Petra Schwarz16
Mario Nuvolone15
Thomas Rülicke10
Markus Glatzel8
16Petra Schwarz
15Mario Nuvolone
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Recent reports indicate that a growing number of intracellular proteins are not only prone to pathological aggregation but can also be released and "infect" neighboring cells. Therefore, many complex diseases may obey a simple model of propagation where the penetration of seeds into hosts determines spatial spread and disease progression. We term these(More)
The physiological role of prion protein (PrP) remains unknown. Mice devoid of PrP develop normally but are resistant to scrapie; introduction of a PrP transgene restores susceptibility to the disease. To identify the regions of PrP necessary for this activity, we prepared PrP knockout mice expressing PrPs with amino-proximal deletions. Surprisingly, PrP(More)
Prions have been responsible for an entire century of tragic episodes. Fifty years ago, kuru decimated the population of Papua New Guinea. Then, iatrogenic transmission of prions caused more than 250 cases of Creutzfeldt-Jakob disease. More recently, transmission of bovine spongiform encephalopathy to humans caused a widespread health scare. On the other(More)
Because of species selectivity, HIV research is largely restricted to in vitro or clinical studies, both limited in their ability to rapidly assess new strategies to fight the virus. To prospectively study some aspects of HIV in vivo, immunodeficient mice, transplanted with either human peripheral blood leukocytes or human fetal tissues, have been(More)
  • Jeppe Falsig, Tiziana Sonati, Uli S. Herrmann, Dino Saban, Bei Li, Karina Arroyo +3 others
  • 2012
Prions cause neurodegeneration in vivo, yet prion-infected cultured cells do not show cytotoxicity. This has hampered mechanistic studies of prion-induced neurodegeneration. Here we report that prion-infected cultured organotypic cerebellar slices (COCS) experienced progressive spongiform neurodegeneration closely reproducing prion disease, with three(More)
Microglia are resident immune cells in the brain and spinal cord. These cells provide immune surveillance and are mobilized in response to disparate diseases and injuries. Although microglial activation is often considered neurotoxic, microglia are essential defenders against many neurodegenerative diseases. It also seems increasingly likely that microglial(More)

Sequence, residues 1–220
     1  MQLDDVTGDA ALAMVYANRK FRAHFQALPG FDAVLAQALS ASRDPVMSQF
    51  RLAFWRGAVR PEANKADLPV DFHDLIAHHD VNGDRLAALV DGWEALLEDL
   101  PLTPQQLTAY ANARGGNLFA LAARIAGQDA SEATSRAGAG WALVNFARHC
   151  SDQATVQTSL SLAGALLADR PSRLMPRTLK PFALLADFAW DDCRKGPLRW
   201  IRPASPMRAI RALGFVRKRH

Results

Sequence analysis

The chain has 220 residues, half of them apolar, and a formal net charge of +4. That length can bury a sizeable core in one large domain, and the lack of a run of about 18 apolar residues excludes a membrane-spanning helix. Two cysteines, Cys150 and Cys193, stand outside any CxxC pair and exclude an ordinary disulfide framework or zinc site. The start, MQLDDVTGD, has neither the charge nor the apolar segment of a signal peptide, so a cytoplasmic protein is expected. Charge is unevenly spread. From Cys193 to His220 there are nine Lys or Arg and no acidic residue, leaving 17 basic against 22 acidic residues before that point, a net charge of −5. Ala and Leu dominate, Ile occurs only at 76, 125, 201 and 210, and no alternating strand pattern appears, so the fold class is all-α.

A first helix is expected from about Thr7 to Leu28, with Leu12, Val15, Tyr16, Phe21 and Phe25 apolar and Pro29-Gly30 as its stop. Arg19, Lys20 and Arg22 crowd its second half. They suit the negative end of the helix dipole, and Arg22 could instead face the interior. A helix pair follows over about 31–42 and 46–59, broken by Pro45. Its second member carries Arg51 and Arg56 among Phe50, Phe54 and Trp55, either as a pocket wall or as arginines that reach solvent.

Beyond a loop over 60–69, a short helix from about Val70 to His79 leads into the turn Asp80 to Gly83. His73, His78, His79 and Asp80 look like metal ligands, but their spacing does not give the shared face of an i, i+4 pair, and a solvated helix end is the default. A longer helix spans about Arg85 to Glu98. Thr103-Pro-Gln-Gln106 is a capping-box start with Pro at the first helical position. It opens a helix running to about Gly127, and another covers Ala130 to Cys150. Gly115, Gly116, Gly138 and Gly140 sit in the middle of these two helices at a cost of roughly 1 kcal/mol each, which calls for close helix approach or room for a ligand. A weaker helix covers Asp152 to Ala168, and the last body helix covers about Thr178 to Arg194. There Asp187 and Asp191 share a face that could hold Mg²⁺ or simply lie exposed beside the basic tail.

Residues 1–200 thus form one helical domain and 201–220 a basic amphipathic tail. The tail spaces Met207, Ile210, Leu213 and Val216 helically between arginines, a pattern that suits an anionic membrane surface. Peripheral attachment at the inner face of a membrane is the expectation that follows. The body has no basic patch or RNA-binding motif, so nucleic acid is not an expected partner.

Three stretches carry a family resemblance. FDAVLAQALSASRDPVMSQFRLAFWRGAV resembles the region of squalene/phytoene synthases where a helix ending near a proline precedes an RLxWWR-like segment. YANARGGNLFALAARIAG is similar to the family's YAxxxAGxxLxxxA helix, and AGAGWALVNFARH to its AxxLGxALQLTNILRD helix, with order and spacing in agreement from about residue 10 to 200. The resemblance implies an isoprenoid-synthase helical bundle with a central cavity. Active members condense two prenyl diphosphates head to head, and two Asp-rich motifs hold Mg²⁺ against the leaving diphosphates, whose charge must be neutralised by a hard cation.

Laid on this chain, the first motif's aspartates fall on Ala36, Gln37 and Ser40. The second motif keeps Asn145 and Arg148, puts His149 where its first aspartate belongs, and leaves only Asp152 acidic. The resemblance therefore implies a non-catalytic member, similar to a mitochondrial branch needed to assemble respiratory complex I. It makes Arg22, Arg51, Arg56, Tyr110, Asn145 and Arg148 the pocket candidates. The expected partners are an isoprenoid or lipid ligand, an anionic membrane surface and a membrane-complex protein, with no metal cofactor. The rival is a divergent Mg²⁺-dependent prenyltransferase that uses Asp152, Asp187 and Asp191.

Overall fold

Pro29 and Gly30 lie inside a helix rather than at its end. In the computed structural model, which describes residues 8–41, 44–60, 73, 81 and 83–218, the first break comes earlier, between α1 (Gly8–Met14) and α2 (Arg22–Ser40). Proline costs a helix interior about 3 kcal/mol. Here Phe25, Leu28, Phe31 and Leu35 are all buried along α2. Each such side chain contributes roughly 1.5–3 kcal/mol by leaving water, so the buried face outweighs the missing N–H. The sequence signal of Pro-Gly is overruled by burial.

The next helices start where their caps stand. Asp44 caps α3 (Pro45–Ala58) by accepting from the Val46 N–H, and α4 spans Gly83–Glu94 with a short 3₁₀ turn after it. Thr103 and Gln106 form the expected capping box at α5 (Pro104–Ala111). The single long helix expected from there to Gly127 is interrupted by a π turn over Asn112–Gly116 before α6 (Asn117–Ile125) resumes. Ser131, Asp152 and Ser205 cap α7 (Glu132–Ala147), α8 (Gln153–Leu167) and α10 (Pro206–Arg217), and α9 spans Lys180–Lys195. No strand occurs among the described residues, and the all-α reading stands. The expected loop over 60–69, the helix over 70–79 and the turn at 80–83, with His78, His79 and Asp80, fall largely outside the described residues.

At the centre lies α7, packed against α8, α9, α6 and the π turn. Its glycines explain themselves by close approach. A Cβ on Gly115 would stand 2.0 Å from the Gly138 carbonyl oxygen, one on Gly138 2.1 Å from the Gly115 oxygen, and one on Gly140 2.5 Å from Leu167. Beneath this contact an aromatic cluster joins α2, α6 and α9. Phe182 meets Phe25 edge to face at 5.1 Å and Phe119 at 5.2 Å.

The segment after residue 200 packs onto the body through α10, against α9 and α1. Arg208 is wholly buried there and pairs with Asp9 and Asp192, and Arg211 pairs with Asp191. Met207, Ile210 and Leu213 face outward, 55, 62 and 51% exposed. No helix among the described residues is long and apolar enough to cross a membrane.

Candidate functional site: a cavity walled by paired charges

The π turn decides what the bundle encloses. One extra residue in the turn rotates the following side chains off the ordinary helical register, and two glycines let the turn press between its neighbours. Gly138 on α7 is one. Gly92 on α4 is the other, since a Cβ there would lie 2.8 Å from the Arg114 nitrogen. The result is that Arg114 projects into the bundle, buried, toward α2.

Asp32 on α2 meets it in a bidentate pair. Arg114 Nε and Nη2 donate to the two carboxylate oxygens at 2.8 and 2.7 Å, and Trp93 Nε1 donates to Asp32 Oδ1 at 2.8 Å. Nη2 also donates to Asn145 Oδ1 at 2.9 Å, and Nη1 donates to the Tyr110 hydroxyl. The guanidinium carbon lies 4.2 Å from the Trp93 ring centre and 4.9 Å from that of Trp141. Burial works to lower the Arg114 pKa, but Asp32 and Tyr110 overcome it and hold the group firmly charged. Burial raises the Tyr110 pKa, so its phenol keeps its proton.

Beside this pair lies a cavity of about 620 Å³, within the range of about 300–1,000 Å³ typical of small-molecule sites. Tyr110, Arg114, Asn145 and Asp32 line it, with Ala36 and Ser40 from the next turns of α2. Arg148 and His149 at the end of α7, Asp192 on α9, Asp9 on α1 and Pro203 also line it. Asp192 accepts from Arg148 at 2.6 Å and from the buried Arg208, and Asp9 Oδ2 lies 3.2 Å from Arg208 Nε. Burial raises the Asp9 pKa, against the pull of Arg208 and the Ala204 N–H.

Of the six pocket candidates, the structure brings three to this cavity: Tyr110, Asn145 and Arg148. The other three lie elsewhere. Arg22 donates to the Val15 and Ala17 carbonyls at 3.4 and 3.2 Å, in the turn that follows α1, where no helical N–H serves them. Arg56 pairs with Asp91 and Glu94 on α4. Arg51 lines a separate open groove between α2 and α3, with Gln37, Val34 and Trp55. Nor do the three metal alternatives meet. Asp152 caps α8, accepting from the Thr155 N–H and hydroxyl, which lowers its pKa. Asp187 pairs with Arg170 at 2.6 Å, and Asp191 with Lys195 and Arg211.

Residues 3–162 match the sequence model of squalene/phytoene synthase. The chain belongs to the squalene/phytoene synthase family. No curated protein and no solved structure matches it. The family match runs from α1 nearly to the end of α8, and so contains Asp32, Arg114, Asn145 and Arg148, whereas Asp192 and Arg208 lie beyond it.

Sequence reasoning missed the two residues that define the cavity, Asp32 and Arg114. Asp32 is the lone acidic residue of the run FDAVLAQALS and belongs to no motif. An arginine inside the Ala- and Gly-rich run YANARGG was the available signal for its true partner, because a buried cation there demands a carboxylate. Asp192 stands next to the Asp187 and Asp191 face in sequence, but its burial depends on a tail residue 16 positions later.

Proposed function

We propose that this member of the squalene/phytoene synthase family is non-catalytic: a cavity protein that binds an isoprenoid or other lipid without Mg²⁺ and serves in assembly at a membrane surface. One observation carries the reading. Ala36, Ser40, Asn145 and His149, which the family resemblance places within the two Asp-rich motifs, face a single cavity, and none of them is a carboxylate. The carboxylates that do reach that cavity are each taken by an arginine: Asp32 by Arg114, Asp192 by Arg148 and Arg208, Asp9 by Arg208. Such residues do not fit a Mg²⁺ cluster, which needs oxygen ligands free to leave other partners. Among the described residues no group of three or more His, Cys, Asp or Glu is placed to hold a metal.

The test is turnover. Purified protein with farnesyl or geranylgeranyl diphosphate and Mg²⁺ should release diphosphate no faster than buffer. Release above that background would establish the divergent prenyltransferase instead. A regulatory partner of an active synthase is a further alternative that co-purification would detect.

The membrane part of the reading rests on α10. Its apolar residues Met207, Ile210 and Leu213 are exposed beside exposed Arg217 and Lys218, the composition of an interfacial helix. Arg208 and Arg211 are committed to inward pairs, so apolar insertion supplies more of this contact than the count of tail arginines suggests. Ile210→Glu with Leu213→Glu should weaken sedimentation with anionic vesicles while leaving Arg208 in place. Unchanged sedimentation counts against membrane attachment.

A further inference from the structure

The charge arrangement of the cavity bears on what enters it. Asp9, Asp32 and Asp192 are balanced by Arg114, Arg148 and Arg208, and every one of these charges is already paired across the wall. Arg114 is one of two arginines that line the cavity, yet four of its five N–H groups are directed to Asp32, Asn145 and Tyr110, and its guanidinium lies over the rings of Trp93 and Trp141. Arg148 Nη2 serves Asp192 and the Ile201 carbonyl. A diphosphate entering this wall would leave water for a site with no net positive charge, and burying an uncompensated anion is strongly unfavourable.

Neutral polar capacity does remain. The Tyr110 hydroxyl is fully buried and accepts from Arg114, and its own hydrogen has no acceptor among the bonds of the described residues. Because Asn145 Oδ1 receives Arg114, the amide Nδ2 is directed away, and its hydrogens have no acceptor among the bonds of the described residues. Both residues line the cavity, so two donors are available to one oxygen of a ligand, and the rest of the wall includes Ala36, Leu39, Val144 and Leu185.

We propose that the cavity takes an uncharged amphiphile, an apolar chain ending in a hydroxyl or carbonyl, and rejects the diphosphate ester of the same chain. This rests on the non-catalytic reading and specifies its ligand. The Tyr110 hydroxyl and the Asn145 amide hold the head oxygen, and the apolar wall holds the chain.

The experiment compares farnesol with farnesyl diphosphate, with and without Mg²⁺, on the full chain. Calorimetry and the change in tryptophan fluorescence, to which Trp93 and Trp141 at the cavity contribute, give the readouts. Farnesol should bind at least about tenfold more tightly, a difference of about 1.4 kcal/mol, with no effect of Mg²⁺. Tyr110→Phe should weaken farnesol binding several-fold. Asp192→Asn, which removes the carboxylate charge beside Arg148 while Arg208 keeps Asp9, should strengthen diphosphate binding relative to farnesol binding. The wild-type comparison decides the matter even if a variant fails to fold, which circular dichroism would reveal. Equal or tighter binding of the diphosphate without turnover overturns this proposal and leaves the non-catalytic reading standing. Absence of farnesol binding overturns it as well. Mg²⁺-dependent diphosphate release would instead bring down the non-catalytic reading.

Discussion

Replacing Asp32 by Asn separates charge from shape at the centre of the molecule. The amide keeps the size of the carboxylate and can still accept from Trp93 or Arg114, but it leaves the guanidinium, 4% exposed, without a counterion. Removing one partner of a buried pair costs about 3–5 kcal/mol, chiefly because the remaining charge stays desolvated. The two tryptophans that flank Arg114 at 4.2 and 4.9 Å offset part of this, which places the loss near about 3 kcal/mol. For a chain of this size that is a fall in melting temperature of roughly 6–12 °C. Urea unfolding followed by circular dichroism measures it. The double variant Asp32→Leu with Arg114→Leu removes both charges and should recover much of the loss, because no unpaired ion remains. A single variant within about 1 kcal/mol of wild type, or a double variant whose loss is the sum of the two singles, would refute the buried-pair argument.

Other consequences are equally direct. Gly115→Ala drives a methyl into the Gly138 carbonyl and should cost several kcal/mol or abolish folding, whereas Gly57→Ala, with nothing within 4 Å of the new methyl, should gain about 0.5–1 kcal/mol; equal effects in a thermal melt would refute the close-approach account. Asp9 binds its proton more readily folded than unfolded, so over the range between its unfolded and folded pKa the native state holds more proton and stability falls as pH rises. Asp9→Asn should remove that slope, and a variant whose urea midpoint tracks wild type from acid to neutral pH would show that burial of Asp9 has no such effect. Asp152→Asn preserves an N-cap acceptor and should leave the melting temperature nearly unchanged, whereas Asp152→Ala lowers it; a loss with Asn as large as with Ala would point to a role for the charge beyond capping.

• Gennadij Raivich, Marion Bohatschek, Clive Da Costa, Osuke Iwata, Matthias Galiano, Maria Hristova +8 others
  • 2004
Nerve injury triggers numerous changes in the injured neurons and surrounding nonneuronal cells that ultimately result in successful target reinnervation or cell death. c-Jun is a component of the heterodimeric AP-1 transcription factor, and c-Jun is highly expressed in response to neuronal trauma. Here we have investigated the role of c-jun during axonal(More)
  • Stefan A Grathwohl, Roland E Kälin, Tristan Bolmont, Stefan Prokop, Georg Winkelmann, Stephan A Kaeser +10 others
  • 2009
In Alzheimer's disease, microglia cluster around beta-amyloid deposits, suggesting that these cells are important for amyloid plaque formation, maintenance and/or clearance. We crossed two distinct APP transgenic mouse strains with CD11b-HSVTK mice, in which nearly complete ablation of microglia was achieved for up to 4 weeks after ganciclovir application.(More)
The integrity of peripheral nerves relies on communication between axons and Schwann cells. The axonal signals that ensure myelin maintenance are distinct from those that direct myelination and are largely unknown. Here we show that ablation of the prion protein PrP(C) triggers a chronic demyelinating polyneuropathy (CDP) in four independently targeted(More)
  • Magdalini Polymenidou, Rita Moos, Mike Scott, Christina Sigurdson, Yong-zhong Shi, Bill Yajima +10 others
  • 2008
PrP(Sc), a misfolded and aggregated form of the cellular prion protein PrP(C), is the only defined constituent of the transmissible agent causing prion diseases. Expression of PrP(C) in the host organism is necessary for prion replication and for prion neurotoxicity. Understanding prion diseases necessitates detailed structural insights into PrP(C) and(More)